For Temporary Assistance, your interview should be within seven working days of your filing an application. You should be told within 30 days of the date you filed your application if your application for Family Assistance is approved or denied, or be told within 45 days of the date you filed your application for Safety Net Assistance if your application is approved or denied.


What Proof Will I Need to Provide to My Worker?

When you are applying for, or getting, help for yourself or for someone else, you will be asked to provide proof of certain things, such as those listed below. Your worker will tell you which of these things you must provide. If you bring proof with you when you first come in to apply for assistance, you may be able to get help sooner.

If you drop documentation off at your local department of social services, you should ask for a receipt to prove what documentation you left. The receipt should have your name, the specific documentation that you dropped off, the time, date, county name and the name of the social services worker who provided the receipt.

If you cannot get the proof you need, ask your worker to help you. If the local department of social services already has proof of the things that do not change, such as your social security number, you do not need to provide them again.

What Proof May I Need to Provide to My Worker?



Who You Are

Photo ID, driver's license, U.S. passport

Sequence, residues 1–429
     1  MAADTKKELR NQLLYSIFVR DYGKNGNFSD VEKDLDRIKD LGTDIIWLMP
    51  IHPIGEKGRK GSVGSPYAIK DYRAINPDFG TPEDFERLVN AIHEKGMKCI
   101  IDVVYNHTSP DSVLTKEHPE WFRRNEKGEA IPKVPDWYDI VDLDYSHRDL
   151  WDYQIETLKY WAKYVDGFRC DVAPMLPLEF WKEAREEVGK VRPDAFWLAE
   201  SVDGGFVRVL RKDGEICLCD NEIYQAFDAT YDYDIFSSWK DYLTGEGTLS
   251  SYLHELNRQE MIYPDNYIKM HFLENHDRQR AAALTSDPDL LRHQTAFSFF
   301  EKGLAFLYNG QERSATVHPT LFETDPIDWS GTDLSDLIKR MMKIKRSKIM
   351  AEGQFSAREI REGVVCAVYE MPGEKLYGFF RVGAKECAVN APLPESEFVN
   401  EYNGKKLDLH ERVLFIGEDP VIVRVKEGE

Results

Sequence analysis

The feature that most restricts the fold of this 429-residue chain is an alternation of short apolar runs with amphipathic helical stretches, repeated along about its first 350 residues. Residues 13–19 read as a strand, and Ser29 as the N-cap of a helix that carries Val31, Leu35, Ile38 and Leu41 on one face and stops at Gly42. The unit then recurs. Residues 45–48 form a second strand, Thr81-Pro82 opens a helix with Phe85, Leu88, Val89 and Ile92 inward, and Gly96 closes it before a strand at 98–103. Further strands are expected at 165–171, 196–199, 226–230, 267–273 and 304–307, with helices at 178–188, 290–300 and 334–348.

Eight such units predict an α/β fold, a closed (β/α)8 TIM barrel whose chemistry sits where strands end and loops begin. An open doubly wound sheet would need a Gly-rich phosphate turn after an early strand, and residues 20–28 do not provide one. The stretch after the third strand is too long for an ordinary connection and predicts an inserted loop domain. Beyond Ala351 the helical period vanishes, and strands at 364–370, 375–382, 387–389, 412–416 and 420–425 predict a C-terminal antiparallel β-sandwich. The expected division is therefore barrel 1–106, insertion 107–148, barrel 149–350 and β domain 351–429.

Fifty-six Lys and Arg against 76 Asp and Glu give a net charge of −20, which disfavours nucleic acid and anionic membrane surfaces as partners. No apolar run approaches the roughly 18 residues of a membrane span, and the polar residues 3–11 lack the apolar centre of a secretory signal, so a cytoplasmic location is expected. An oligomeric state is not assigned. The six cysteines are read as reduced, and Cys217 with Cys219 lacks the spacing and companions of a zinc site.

Age of Each Applying Household Member

Birth or baptismal certificate, hospital records, driver's license

Where You Live

Current rent receipt, mortgage records, statement from landlord

Household Composition/Size

Statement from non-relative landlord, school records

Shelter Expenses

Current rent receipt, current lease, mortgage records, property and school tax records, sewer and water bills, fuel bills, utility bills

Social Security Numbers

Social Security Number which can be verified by the agency, Social Security Card, official correspondence from SSA

Absent Parent Information

Pay stubs, tax returns, Social Security or VA records, monetary determination letters

Citizen or Current Alien Status

Birth certificate, U.S. passport, military service records, naturalization certificate, U.S. Citizenship and Immigration Services documentation

Whether You are Drug/Alcohol Dependent

Alcohol/drug screening and assessment which may include a drug test

Earned Income

Current pay stubs, statement from employer, tax records, business records, statement from roomer or boarder of amount paid for lodging

Child Support or Alimony

Statement from Court, statement from person paying support

Social Security Benefits

Current benefit check or current award letter

Veteran's Benefits

Current benefit check, current award letter, official correspondence from U.S. Department of Veterans Affairs

Unemployment Insurance Benefits

Official correspondence from New York State Department of Labor

Interest and Dividends

Statement from bank, credit union or broker

Educational Grants and Loan

Statement from school or bank, current award letter

Worker's Compensation

Current award letter or check stub

Bank Accounts

Bank records or credit union records

Checking Accounts

Bank statements

Burial Trust or Fund

Bank statement or copy of burial agreement

Burial Plot or Agreement

Statement from cemetery or funeral director, copy burial plot deed

Life Insurance

Insurance policy

Real Estate Other Than Where You Live

Deed, appraisal/estimate of current value by real estate broker

Motor Vehicle

Registration, title of ownership, financing information